A brash, enlightening, and wildly entertaining feminist look at gendered language and the way it shapes us, written with humor and playfulness that challenges words and phrases and how we use them.
“I get so jazzed about the future of feminism knowing that Amanda Montell’s brilliance is rising up and about to explode worldwide.”–Jill Soloway
The word bitch conjures many images for many people, but it is most often meant to describe an unpleasant woman. Even before its usage to mean a female canine, bitch didn’t refer to gender at all–it originated as a gender-neutral word meaning genitalia. A perfectly innocuous word devolving into a female insult is the case for tons more terms, including hussy–which simply meant housewife–or slut, which meant an untidy person and was also used to describe men. These words are just a few among history’s many English slurs hurled at women.
Amanda Montell, reporter and feminist linguist, deconstructs language–from insults and cursing, gossip, and catcalling to grammar and pronunciation patterns–to reveal the ways it has been used for centuries to keep women and other marginalized genders from power. Ever wonder why so many people are annoyed when women talk with vocal fry or use the word like as a filler? Or why certain gender-neutral terms stick and others don’t? Or where stereotypes of how women and men speak come from in the first place?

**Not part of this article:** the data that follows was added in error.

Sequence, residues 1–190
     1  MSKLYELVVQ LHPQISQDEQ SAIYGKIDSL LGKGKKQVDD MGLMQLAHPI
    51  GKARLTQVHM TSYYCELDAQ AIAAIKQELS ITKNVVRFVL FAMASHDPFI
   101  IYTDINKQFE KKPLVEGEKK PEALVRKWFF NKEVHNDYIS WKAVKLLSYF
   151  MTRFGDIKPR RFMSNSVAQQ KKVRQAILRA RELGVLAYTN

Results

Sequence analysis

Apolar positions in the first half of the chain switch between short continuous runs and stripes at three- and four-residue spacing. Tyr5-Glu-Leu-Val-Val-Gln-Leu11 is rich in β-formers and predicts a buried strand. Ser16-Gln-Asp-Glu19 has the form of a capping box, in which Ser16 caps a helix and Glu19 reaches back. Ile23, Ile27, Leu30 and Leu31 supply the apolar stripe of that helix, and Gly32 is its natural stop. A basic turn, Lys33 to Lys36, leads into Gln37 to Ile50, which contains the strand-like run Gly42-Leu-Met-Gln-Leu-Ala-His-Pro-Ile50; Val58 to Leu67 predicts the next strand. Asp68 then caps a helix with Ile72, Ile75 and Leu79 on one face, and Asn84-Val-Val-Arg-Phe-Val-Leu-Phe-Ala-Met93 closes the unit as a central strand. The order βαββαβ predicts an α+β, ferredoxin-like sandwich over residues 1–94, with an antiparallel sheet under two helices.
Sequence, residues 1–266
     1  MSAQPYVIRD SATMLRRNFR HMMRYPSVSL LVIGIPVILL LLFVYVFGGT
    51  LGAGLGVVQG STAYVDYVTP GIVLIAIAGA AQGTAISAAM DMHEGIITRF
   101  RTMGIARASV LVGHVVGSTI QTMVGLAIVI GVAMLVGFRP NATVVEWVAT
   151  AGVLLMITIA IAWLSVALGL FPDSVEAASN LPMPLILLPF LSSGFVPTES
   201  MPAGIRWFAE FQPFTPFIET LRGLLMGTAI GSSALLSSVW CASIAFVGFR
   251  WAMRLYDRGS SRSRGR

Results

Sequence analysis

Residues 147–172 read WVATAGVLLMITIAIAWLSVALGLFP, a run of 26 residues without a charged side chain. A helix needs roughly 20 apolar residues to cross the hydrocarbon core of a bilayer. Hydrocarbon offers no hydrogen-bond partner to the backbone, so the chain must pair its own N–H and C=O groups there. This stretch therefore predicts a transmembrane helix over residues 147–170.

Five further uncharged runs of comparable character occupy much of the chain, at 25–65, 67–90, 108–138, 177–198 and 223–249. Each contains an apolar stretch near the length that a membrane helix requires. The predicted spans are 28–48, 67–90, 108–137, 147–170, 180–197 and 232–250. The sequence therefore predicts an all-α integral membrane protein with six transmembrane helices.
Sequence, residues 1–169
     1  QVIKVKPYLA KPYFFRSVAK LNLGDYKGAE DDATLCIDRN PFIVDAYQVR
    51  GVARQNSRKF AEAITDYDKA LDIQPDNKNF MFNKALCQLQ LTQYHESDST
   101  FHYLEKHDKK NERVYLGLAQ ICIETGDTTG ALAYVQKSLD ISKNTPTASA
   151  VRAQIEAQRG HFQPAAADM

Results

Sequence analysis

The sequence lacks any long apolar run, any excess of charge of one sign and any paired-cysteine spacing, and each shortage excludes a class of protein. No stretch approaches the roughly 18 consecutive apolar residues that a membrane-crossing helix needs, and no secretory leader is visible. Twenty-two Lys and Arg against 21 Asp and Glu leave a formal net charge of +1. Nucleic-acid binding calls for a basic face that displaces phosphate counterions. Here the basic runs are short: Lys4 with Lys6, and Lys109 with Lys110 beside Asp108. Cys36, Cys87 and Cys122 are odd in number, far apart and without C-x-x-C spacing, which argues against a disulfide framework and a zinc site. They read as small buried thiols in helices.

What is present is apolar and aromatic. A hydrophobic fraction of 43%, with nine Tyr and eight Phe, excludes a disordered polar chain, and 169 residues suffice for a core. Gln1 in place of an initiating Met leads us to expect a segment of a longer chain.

Montell effortlessly moves between history, science, and popular culture to explore these questions and more–and how we can use the answers to effect real social change. Montell’s irresistible humor shines through, making linguistics not only approachable but both downright hilarious and profound, demonstrated in chapters such as:
- Slutty Skanks and Nasty Dykes: A Comprehensive List of Gendered Insults
- How to Embarrass the Shit Out of People Who Try to Correct Your Grammar
- Fuck it: An Ode to Cursing While Female
- Cyclops, Panty Puppet, Bald Headed Bastard and 100+ Other Things to Call Your Genitalia
Montell effortlessly moves between history and popular culture to explore these questions and more. Wordslut gets to the heart of our language, marvels at its elasticity, and sheds much-needed light into the biases that shadow women in our culture and our consciousness.